Counting Quarks by the Bundle
//Asterias//, Jean Baptiste Lamarck. Tableau Encyclopédique et Méthodique des Trois Regnes de la Nature, Paris 1791-1798. Photograph by D Dunlop.
Asterias, Jean Baptiste Lamarck. Tableau Encyclopédique et Méthodique des Trois Regnes de la Nature, Paris 1791-1798. Photograph by D Dunlop.

To extend an earlier discussion about counting quarks, consider a particle P characterized by a repetitive chain of events

$\Psi ^{\sf{P}} = \left( \sf{\Omega}_{1}, \sf{\Omega}_{2}, \sf{\Omega}_{3} \ \ldots \ \right)$

where each cycle is some bundle of quarks

$\sf{\Omega}^{\sf{P}} = \left\{ \sf{q}_{1}, \sf{q}_{2}, \sf{q}_{3} \ \ldots \ \right\}$

Depending on the level of objectification each bundle $\sf{\Omega}$ may be thought of as; a set of sensations, or an orbital cycle, or an aggregation of seeds, or perhaps a compound quark. But for any interpretation we can make a mathematical description of P just by counting bundles.

sun.png
The chain Ψ is a sequence of an indefinite number of bundles, there may be two or two-billion of them. But we can specify a definite quantity $N_{\sf{\Omega}}$ by making the description relative to a reference sensation provided by seeing the Sun. Let $N_{\sf{\Omega}}^{\sf{P}}$ be the number of P's bundles observed during one solar day. This quantity has units of bundles-per-day or cycles-per-day. Solar clocks are historically important, but not much used anymore. So consider evaluating $N_{\sf{\Omega}}$ where the particle is an ordinary clock noted by $\mathbf{\Theta}$. If $\mathbf{\Theta}$ is calibrated so that its cycles are in seconds, then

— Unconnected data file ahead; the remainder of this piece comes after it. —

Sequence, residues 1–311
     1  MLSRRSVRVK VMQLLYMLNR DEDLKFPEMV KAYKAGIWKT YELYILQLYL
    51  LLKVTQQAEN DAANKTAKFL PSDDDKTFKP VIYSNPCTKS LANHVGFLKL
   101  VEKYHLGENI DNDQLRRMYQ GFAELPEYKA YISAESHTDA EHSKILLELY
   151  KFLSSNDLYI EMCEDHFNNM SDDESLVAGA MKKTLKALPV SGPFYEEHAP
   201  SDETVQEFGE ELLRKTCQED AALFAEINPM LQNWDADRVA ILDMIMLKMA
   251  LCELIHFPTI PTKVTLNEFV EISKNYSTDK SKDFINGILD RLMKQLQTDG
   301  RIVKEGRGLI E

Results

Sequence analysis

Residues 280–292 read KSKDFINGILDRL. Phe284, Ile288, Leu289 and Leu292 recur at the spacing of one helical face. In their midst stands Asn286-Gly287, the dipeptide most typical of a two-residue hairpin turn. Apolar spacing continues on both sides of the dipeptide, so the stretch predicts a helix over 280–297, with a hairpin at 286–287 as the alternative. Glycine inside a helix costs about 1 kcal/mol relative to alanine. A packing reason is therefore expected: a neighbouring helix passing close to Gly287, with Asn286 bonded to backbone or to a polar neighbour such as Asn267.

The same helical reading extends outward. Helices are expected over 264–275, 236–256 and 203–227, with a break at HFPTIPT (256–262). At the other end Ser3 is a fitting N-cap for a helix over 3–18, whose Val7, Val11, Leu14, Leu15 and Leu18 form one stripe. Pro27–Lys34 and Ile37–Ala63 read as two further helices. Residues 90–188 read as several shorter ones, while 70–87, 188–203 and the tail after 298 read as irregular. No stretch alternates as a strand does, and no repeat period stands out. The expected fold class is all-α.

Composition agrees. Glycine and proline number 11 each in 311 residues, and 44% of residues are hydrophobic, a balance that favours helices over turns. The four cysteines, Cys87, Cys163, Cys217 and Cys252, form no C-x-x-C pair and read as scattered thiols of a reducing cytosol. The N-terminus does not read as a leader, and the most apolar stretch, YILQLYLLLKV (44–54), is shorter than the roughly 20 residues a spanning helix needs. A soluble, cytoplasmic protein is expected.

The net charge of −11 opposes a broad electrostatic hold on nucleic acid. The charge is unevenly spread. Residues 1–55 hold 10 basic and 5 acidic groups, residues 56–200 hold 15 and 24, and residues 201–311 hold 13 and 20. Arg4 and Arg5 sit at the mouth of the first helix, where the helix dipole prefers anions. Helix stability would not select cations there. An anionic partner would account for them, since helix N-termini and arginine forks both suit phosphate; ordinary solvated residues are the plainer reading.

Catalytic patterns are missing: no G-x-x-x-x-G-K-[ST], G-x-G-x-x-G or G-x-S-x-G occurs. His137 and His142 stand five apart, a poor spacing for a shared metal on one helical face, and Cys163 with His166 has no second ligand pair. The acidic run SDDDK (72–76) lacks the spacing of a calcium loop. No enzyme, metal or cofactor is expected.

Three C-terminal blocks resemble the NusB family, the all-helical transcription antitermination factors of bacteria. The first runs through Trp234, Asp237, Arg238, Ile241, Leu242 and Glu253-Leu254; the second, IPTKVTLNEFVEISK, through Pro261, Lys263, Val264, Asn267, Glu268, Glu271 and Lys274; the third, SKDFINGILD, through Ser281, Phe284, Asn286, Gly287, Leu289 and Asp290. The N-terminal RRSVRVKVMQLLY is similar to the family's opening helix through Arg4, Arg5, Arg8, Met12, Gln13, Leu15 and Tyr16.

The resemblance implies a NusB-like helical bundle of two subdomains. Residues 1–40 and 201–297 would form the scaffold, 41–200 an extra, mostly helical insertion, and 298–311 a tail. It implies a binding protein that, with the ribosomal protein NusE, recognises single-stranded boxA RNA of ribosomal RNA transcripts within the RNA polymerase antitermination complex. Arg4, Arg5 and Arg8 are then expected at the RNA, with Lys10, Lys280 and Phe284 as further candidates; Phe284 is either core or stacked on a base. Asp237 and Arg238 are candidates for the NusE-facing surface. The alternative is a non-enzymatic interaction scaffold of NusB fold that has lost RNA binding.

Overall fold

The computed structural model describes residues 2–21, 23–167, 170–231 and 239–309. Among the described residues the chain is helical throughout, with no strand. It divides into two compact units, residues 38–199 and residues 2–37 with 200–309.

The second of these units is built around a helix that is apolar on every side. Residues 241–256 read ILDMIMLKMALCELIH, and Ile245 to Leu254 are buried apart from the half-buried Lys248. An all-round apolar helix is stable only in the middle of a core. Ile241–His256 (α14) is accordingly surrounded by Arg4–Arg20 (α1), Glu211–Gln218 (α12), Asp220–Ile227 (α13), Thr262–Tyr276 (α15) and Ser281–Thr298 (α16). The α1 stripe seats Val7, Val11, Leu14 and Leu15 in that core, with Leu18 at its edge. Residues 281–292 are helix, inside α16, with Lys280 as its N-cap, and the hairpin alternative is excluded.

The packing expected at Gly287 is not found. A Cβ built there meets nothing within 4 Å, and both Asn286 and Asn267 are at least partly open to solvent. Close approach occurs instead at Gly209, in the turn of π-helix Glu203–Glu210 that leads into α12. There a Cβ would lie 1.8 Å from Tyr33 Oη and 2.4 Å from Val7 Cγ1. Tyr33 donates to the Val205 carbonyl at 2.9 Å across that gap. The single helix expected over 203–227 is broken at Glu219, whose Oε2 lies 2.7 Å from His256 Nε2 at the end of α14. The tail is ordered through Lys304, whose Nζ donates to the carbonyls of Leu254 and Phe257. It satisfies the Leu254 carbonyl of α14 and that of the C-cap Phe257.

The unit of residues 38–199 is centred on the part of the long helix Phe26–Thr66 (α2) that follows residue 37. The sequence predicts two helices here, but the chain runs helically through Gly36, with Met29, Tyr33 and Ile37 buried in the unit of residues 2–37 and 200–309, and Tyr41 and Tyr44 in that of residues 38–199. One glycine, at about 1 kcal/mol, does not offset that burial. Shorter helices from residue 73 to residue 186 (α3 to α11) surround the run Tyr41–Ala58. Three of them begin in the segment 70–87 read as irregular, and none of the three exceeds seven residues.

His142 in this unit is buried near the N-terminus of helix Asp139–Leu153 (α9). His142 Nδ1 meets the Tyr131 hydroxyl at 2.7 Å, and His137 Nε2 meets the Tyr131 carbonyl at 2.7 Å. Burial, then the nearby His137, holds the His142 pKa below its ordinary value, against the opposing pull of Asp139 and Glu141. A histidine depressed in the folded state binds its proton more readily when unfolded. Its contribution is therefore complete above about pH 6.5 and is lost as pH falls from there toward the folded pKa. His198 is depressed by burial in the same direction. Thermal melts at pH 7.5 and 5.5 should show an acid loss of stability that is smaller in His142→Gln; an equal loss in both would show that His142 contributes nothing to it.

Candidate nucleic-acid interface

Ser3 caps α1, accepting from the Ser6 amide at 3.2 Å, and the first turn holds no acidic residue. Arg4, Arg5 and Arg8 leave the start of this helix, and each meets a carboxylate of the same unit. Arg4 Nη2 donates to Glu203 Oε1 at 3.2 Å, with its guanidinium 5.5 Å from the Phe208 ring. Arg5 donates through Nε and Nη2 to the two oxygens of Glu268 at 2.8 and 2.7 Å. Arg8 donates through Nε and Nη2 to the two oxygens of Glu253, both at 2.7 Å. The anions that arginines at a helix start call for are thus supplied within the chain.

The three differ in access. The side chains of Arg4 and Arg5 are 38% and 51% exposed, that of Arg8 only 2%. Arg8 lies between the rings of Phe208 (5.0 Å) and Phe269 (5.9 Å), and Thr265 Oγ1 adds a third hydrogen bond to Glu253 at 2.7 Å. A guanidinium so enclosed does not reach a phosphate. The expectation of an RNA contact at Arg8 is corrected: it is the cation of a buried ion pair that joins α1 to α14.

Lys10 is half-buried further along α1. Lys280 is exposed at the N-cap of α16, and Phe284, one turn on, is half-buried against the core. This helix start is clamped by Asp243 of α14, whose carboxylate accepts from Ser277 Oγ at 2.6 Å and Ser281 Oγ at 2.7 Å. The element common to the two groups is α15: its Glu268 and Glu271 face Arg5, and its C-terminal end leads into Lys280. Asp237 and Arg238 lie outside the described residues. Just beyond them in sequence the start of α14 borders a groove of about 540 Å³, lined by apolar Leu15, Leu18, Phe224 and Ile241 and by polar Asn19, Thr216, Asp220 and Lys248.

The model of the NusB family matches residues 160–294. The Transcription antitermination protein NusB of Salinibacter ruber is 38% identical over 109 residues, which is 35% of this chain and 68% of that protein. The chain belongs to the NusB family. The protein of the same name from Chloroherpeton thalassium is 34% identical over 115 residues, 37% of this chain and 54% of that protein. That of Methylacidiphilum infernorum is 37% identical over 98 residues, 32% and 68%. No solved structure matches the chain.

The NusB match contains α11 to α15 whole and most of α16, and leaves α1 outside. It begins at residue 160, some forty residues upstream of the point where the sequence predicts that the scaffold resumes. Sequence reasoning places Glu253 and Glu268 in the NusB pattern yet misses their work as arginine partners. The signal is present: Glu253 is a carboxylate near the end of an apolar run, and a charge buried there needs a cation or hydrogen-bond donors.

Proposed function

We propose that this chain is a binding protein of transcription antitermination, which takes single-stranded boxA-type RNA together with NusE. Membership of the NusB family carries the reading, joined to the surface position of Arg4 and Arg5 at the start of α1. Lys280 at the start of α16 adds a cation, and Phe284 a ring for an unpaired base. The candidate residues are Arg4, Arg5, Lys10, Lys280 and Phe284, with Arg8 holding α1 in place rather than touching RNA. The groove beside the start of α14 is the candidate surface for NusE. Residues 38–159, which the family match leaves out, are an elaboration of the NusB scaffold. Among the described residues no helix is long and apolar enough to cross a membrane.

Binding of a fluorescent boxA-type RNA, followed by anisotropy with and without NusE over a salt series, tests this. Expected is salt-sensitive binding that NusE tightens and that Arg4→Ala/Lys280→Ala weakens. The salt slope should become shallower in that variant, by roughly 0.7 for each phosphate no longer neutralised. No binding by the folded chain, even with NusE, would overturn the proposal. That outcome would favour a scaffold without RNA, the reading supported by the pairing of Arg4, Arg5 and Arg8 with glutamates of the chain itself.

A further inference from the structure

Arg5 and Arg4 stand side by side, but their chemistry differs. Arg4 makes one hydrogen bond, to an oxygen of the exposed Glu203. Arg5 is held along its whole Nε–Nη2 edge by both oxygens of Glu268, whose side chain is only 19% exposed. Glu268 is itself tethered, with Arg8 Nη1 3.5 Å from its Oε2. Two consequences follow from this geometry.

$N_{\sf{\Omega}}^{ \mathbf{\Theta}} =$ 86,400 (seconds per day)

This number comes to us from the Sumerian and Babylonian peoples of ancient Mesopotamia.1 About four thousand years ago their astronomical observations and sexagesimal mathematics established what we mean by a second. Namely that one day is parsed as twenty-four hours of sixty minutes, each of sixty seconds. For WikiMechanics, we also associate $N_{\sf{\Omega}}^{ \mathbf{\Theta}}$ with the reference sensation of hearing a human heartbeat because the heart rateXlink.png of human adults usually pulsates between forty and one hundred beats-per-minute when resting. So $N_{\sf{\Omega}}^{ \mathbf{\Theta}}$ gives an order-of-magnitude account of the number of heartbeats-per-day for most people, thereby relating celestial and human-scale events. The foregoing tallies of bundles are used to define the angular frequency of P as

$\begin{align} \omega \equiv \frac{ 2 \pi N_{\sf{\Omega}} ^{\sf{ P}} }{ N_{\sf{ \Omega}}^{ \mathbf{\Theta}} } \end{align}$

This angular frequency has units like bundles-per-second or orbits-per-second. As descriptions are objectified, we speak more generally of radians-per-second.

Right.png Next step: a generic frequency.
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